- Lack of ramps, toilet facilities and other arrangements for disabled teachers and pupils
- Air and other forms of pollution, including smoke from cars and cigarettes
- Poor accessibility and lack of zebra crossings
- Slippery floors.
Lawmakers, those responsible for school construction and facilities, school inspectors, supervisors, education and school boards and committees, school leaders and the teachers all have a role to play in ensuring health and safety in schools for both teachers and pupils. It is a cross-cutting area between HR represented by the TSC and TSC-DOs and other professional disciplines, such as school supervision and quality assessment represented by the MBSSE and DEOs.
It is therefore important for school authorities at all levels to work together on OHS and have regular and clear systems in place for checks and monitoring. Besides the risk of personal costs of inadequate health and safety precautions, there are serious legal implications in case of accidents and work-related health issues.
Who is responsible
Department of Teacher-Employer Relations, TSC:
- oversees OHS policy and regulations, labour laws and other legal OHS instruments applying to teachers and ensures they are formulated, available, updated and implemented.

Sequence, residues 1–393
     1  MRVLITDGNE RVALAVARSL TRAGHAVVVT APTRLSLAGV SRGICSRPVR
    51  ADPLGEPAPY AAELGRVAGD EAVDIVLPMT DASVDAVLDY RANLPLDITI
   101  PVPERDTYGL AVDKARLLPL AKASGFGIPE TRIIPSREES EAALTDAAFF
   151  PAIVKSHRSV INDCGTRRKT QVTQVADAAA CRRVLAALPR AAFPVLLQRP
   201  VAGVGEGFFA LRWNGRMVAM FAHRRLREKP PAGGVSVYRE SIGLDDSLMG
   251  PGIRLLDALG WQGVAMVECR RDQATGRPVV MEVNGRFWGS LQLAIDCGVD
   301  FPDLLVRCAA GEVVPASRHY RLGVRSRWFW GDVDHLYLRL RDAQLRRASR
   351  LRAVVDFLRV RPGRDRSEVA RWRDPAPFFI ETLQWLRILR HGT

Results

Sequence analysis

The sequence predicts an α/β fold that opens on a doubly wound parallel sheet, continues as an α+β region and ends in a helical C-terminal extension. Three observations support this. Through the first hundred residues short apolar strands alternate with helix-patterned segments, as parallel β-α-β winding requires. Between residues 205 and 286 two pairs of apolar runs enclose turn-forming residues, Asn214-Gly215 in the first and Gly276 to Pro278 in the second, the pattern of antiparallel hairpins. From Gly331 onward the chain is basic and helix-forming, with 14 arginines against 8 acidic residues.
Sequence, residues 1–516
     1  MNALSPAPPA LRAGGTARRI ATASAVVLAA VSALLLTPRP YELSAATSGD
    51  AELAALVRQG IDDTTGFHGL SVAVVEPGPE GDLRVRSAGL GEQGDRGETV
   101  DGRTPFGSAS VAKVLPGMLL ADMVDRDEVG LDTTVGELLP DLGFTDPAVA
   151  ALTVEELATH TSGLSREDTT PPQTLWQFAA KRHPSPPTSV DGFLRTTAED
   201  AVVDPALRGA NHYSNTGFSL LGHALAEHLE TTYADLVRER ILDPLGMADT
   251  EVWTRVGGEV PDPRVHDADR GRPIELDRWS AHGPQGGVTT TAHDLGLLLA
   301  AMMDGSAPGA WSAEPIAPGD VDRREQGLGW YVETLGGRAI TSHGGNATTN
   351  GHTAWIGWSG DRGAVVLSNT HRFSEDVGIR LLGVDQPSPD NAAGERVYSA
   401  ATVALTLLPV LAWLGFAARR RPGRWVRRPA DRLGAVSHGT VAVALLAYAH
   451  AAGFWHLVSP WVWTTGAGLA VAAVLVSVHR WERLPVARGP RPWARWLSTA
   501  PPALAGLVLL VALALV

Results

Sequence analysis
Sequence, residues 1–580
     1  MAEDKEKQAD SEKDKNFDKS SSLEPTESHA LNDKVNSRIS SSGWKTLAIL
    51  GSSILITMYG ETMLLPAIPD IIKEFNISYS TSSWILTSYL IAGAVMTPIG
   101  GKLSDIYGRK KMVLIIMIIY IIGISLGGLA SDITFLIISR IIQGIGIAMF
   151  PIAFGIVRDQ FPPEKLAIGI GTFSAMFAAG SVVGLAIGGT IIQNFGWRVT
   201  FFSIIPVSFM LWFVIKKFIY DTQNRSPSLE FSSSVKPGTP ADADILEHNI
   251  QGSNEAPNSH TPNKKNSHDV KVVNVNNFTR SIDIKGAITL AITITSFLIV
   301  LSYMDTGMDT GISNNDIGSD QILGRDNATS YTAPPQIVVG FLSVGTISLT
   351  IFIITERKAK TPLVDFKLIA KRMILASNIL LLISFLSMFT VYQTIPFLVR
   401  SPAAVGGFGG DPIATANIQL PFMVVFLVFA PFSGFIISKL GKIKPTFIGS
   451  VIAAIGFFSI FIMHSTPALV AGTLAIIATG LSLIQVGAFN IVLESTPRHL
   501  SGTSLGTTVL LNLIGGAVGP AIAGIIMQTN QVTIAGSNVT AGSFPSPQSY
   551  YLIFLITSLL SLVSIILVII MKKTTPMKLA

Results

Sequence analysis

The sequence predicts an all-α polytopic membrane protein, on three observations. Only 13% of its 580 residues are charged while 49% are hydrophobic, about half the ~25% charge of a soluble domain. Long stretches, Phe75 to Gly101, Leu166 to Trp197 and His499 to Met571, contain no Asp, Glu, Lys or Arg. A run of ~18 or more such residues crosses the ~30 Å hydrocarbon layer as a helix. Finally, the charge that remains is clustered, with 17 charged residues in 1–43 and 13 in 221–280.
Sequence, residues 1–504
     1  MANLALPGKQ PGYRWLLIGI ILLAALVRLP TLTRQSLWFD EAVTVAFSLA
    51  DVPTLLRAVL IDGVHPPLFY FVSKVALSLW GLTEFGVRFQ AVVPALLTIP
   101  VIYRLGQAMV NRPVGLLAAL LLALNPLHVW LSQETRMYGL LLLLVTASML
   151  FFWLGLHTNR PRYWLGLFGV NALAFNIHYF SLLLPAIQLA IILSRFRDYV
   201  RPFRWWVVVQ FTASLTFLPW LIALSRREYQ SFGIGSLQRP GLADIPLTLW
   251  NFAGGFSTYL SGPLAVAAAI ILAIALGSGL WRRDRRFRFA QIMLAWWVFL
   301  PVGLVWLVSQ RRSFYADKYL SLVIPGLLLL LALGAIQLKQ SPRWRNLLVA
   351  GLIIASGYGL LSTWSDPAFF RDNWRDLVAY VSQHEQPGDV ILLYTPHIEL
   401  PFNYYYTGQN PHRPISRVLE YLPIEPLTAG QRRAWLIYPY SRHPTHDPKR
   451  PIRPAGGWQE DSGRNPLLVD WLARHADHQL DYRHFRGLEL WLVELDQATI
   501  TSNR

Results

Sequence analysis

- the MBSSE Inspectorate and DEO-DD, inspectors and supervisors ensure OHE regulations and standards are adhered to in all schools across the country and report back on deficiencies.
Schools, school leaders, SMC/BoG and other local players:
- ensure OHS regulations and standards are adequate and adhered to on a daily basis, and report to the DEO/TSC-DO immediately if this is not the case. They should also record cases in their regular school reports.
Other institutions with responsibilities of Occupational Health & Safety include:
- SL Labour Congress
- Ministry of Labour
- Ministry of Health and Sanitation
- Ministry of Social Welfare (gender and children affairs)
- Teachers’ associations
- Municipal and Local Councils
- Standards Bureau
- Consumer Protection Agency.
Best Practice: How to secure health and safety in schools
IT IS IMPORTANT TO APPLY the MBSSE’s standard procedures, manuals and checklists.
- (These should be issued by the MBSSE and made available at all schools at all times. Request copies from MBSSE)
OHS from an HR perspective for school leaders who report to MBSSE/DEOs or TSC/TSC DOs if anything to report